Medicare Advantage is a complex payment system.
I involves many actors in the system duplicating services—or even working at cross purposes.
This inefficiency wastes mountains of money—and could be the key to your success.
Have someone in your organization sit down, list your goals for your contract and all the specific interventions being performed to achieve those goals.
Examples of goals include increasing revenue, reducing hospital days, increasing the number of patients on your panel.
Examples of tactics include data collection prompts to doctors in your EMR, post-hospitalization follow-ups by care managers, directed outreach to patients about to turn 65.
This “listing exercise” is one of the first interventions I recommend when I’m engaged to improve an organization’s performance. It’s also the most productive.
The amount of duplication and unnecessary costs you’ll find will stagger you.
Care management is a common example. In most cases, the insurance company is doing a more effective job than your paid staff. And where that’s not true, the care managers from the insurance company are often working at cross purposes with your employees—and sometimes with your goal.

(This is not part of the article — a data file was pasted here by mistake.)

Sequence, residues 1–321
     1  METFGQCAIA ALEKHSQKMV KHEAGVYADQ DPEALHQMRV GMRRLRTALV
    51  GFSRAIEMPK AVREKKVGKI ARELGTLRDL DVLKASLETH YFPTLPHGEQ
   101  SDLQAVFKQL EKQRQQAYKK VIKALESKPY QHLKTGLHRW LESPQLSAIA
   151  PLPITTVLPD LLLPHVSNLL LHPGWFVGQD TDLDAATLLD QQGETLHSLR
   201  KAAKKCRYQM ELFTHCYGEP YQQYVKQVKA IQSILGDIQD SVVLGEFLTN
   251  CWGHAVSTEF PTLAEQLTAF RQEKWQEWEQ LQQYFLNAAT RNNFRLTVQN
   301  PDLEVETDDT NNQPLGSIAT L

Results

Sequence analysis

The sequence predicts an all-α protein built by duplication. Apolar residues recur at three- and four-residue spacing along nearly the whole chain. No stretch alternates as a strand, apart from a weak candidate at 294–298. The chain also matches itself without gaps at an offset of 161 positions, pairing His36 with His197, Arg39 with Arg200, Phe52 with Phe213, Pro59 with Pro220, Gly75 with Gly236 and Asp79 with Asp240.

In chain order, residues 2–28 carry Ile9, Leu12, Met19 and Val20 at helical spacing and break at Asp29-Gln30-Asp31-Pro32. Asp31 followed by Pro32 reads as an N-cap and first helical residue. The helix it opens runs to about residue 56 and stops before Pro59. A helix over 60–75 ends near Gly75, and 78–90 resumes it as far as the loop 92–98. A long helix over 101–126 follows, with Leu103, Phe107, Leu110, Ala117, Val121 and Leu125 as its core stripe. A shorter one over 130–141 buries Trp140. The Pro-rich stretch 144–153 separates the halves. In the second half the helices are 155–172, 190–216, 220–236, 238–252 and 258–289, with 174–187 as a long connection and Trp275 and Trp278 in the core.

In this case, the decision to end care management was a tough one. But it was made easier with the knowledge of who’s was doing what. And it saved the organization a great deal of money with little loss in revenue.
If you’re running a Medicare Advantage contract of any size and haven’t performed this “listing” exercise, I suggest doing so immediately.
I guarantee there’s enough duplication and waste to make the cost of the project worthwhile—and the results will make you look like a genius.